Behavioral health disorders involve a pattern of disruptive or destructive behavior that lasts several months or more. It isn’t a spur-of-the-moment action, but rather a pattern that has built up over time.

Healthy behaviors for good behavioral health

Good behavioral health means engaging in healthy behaviors that help you achieve an ideal mental and physical balance. Here are some of the healthy behaviors :

Healthy behaviors for good behavioral health

  • Take daily adequate quantity of quality sleep
  • Maintain a healthy, nutritious and balanced diet
  • Avoid all forms of tobacco use and smoking
  • Engage in regular exercise or physical activity
  • Consume no alcohol or only moderate amounts
  • Maintain a normal body weight
  • Stay away from risky sexual activities
  • Proactive health care seeking and routine physical examinations
  • Adherence to prescribed medical treatments

Evidence-based practices have demonstrated that everyone can significantly improve their personal health by practicing above key healthy behaviors.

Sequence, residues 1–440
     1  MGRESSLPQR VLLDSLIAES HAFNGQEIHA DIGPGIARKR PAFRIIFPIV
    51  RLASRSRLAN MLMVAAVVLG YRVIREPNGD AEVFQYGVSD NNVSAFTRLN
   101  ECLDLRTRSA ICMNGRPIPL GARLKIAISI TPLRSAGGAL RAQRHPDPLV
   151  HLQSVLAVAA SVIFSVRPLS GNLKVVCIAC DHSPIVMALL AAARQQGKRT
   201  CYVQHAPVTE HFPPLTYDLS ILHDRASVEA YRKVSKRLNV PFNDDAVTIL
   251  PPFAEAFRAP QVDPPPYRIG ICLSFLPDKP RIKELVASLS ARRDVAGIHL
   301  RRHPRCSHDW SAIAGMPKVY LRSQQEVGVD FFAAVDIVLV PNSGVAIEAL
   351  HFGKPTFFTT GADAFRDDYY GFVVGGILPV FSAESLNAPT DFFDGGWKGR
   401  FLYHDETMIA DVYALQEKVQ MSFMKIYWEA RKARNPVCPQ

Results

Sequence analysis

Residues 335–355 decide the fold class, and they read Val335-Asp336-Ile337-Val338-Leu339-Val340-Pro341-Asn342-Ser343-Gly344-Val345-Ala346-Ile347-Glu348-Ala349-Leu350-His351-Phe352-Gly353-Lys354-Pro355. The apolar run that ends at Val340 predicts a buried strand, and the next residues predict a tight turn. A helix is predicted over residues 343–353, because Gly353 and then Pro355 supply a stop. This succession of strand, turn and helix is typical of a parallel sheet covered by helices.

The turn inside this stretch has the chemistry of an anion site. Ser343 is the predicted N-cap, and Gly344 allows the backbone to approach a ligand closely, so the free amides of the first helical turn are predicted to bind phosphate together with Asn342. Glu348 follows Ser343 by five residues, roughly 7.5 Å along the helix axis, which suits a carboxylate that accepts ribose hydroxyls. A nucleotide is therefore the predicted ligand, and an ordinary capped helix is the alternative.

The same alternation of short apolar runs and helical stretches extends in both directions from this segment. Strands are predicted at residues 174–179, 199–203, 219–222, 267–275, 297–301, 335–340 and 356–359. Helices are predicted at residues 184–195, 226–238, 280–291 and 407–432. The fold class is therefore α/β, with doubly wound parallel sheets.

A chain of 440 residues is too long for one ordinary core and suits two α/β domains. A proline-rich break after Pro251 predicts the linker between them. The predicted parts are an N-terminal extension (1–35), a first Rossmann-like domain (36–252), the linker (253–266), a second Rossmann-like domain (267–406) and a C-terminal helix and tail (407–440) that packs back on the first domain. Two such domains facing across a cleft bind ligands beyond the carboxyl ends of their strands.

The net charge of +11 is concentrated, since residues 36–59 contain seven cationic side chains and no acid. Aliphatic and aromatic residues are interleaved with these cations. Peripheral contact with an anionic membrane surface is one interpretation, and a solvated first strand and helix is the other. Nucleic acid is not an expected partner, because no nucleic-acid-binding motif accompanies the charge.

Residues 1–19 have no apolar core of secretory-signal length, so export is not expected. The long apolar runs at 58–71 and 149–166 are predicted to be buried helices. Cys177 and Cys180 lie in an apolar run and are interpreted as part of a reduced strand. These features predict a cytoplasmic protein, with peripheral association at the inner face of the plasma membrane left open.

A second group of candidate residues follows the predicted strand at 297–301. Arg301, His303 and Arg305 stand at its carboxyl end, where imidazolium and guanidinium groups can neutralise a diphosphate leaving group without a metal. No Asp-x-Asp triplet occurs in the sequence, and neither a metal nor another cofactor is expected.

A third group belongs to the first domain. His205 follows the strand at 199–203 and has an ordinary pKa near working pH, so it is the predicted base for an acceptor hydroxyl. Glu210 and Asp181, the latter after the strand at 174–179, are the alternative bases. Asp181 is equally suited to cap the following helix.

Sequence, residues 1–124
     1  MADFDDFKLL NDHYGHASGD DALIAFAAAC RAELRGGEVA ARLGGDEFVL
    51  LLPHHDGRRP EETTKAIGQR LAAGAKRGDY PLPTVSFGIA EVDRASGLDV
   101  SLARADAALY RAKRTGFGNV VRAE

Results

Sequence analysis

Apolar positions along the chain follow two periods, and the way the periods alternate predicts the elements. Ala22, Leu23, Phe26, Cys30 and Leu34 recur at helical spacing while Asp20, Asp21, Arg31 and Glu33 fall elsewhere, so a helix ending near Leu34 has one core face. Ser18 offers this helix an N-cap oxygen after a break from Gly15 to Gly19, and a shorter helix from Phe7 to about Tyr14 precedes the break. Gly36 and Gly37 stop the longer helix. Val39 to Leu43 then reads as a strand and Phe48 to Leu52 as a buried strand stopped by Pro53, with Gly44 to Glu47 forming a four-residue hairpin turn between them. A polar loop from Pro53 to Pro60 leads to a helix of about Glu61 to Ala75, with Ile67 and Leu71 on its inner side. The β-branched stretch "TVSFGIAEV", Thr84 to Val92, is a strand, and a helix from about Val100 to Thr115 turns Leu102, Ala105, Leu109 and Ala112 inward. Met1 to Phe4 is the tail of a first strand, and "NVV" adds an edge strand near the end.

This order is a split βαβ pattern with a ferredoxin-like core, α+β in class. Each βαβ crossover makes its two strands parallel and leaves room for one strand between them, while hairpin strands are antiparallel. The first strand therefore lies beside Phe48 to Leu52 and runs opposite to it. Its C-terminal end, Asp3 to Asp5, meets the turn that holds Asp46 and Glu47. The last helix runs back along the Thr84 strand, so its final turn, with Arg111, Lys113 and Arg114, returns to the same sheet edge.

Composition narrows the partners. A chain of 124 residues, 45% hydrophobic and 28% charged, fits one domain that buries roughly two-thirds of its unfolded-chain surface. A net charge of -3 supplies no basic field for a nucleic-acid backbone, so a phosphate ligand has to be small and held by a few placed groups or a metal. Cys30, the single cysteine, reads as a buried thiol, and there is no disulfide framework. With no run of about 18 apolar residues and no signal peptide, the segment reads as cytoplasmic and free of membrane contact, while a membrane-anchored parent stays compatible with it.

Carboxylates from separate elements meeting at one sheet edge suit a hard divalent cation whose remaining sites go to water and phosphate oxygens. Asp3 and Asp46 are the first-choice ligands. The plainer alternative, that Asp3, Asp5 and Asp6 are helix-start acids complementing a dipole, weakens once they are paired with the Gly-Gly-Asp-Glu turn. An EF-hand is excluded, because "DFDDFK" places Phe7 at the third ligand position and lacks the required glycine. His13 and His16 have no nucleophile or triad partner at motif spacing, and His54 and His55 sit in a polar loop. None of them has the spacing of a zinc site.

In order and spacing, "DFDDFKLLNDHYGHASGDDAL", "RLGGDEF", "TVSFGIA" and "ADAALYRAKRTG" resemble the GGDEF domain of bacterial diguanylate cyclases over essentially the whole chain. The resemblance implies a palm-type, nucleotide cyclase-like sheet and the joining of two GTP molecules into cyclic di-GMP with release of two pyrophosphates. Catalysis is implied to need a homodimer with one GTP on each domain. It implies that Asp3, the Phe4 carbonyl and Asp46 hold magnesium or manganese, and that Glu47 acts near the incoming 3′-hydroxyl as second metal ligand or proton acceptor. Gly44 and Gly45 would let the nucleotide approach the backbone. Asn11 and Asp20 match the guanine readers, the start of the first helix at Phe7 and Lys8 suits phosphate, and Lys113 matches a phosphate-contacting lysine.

That’s all from my side in this article. Thank you for reading this. I hope this informative write-up on “Behavioral Health” will improve your overall understanding about “behavioral health” and “mental health” conditions. Over to you now, if you have any questions or queries related to behavioral health or mental health, please feel free to ask them in the comment section, they are much appreciated.

If you have liked this article on behavioral health, please share it with your friends and relatives at your favorite social networks.

(Disclaimer: This article is for general information only. Before adopting preventive methods/measures/treatment, please seek medical advice)